Offaly: Carol Nolan (SF) surprise winner as Fine Gael's Marcella Corcoran Kennedy retains seat
The new constituency of Offaly elected a new TD when Sinn Fein's Carol Nolan won a seat in the Dail in her first general election.
After pipping Fianna Fail's Eddie Fitzpatrick for the last seat by just 170 votes, Nolan commented: “We had firm belief that we would take the third seat and we said that from the outset.”
“Right from the beginning of our campaign we knew we could do it.”
After receiving just 11 per cent of the first preference vote in a constituency where Fianna Fail's Barry Cowen topped the poll and was elected on the first count, Nolan was boosted by strong transfers from Independents and Renua Ireland candidate John Leahy.
The 36-year-old mother of two from Cadamstown was the second woman returned in Offaly following the re-election of Fine Gael's Marcella Corcoran Kennedy.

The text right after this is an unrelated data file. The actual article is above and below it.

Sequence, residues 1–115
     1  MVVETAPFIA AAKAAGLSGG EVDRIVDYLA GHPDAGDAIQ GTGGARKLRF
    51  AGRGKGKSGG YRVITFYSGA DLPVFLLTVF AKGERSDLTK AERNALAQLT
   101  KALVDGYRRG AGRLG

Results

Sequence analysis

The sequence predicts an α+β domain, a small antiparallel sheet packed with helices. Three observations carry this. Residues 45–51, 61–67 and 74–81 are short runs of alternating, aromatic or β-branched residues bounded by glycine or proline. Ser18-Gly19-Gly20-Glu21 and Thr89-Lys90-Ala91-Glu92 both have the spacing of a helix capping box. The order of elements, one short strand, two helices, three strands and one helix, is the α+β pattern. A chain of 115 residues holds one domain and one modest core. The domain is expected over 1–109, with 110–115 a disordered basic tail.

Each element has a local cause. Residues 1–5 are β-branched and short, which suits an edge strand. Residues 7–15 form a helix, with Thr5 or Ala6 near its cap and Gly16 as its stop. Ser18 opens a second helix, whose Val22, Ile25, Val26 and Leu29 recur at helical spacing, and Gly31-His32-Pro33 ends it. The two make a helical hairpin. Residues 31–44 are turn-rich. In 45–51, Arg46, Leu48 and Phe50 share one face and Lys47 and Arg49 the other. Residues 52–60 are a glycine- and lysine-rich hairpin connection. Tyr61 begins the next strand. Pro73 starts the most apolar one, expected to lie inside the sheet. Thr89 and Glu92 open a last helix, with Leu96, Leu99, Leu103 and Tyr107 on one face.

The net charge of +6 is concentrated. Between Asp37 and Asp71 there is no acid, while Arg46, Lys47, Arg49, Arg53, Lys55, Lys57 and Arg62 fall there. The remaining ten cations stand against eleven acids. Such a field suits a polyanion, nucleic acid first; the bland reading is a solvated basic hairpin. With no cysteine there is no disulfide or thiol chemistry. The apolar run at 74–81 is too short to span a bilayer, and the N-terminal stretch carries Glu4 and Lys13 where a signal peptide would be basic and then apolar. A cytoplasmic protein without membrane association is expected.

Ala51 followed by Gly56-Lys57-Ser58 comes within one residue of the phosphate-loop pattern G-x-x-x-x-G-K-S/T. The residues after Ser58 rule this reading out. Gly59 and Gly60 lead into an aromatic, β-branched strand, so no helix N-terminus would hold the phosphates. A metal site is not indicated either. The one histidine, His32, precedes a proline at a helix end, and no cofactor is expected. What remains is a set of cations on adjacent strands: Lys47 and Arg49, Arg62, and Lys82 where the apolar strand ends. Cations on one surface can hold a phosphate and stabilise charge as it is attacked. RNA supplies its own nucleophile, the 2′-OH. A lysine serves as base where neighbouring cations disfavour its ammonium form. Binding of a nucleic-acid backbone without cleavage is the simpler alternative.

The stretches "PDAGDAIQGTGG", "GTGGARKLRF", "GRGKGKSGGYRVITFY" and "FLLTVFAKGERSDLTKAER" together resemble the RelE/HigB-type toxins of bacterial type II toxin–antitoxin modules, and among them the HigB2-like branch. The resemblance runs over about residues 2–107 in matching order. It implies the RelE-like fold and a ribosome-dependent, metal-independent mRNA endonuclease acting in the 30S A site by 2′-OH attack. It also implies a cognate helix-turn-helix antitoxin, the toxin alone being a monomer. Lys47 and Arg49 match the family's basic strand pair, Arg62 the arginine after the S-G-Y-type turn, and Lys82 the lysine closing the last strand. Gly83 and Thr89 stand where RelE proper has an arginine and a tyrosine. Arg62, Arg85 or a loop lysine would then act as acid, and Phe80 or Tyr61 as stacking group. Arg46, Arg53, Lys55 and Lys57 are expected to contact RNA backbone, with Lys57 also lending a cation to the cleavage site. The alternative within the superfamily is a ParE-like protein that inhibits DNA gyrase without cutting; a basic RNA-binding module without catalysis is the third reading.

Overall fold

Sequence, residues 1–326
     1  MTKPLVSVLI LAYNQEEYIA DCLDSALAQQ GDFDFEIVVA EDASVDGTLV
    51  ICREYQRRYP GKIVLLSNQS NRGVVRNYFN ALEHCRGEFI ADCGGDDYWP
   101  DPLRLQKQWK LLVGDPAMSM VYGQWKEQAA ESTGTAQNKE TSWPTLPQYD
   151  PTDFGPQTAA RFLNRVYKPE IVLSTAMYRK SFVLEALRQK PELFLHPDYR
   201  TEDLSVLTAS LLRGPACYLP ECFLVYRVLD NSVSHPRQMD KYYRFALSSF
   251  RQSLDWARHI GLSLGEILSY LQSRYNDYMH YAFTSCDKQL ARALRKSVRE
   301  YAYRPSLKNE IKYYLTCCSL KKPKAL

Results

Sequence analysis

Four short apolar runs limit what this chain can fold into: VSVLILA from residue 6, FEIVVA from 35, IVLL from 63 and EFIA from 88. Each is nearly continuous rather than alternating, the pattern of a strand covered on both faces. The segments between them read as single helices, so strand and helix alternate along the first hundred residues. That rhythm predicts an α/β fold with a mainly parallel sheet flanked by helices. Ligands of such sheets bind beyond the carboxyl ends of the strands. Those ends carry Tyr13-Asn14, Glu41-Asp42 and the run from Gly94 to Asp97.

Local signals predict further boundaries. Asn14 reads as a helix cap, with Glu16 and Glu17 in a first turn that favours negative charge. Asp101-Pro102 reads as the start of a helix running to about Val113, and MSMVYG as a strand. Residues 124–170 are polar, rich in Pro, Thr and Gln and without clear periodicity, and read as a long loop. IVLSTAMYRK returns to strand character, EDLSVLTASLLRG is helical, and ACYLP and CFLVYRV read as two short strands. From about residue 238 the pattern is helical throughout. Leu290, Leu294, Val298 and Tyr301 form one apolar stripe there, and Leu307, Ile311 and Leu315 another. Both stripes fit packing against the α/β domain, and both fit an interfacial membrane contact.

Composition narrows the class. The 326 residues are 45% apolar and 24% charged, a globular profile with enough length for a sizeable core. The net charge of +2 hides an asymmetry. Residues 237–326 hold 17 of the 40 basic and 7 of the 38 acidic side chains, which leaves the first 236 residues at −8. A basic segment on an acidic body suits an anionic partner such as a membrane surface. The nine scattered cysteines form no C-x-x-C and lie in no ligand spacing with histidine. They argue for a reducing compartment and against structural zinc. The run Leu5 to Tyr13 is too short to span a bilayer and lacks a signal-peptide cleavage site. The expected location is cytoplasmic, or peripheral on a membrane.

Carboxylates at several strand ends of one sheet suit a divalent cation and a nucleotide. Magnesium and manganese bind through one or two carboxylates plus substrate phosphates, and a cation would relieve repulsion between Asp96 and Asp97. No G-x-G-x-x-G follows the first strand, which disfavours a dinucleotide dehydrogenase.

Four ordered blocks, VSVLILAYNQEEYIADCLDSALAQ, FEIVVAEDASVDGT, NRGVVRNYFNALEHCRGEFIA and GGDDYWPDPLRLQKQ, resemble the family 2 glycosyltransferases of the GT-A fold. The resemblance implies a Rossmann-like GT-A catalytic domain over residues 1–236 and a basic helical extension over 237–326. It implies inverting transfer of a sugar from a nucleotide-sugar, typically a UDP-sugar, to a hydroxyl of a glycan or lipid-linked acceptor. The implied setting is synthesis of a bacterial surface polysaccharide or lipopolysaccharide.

A former Gaelscoil principal in Co Laois, Nolan attributed her success to very hard work.
“I'm a very focused person, I've a strong work ethic. I'm ambitious and I had a very strong campaign team behind me,” said Nolan.
Nolan's election foiled Fianna Fail's bid to take two seats in the three-seater created following the break-up of the five-seat Laois-Offaly constituency.
Speaking earlier after his landslide victory, Barry Cowen would not entertain questions about a coalition deal with Fine Gael saying the two parties were not compatible.
The Fianna Fail environment spokesman said the verdict of the people meant that the future of Irish Water was now questionable.
“If you look at the parties who received the vast majority of the votes, none of them are in favour of the way that whole process has been handled or the money that was spent on it and what we've been left with.”
Meanwhile, Renua Ireland co-founder Leahy did not rule out running for the Dail again even though this was the second successive election where he had lost out.
The councillor, an Independent candidate in 2011, stood by his decision to campaign under the Renua banner and insisted it had allowed him highlight important rural issues.
The Offaly constituency included part of north Tipperary and local candidate Joe Hannigan, Independent, was in third place on the first count after getting the lion's share of the votes in his own county.
Hannigan did not attract enough votes to remain in contention and was eliminated on the fifth count.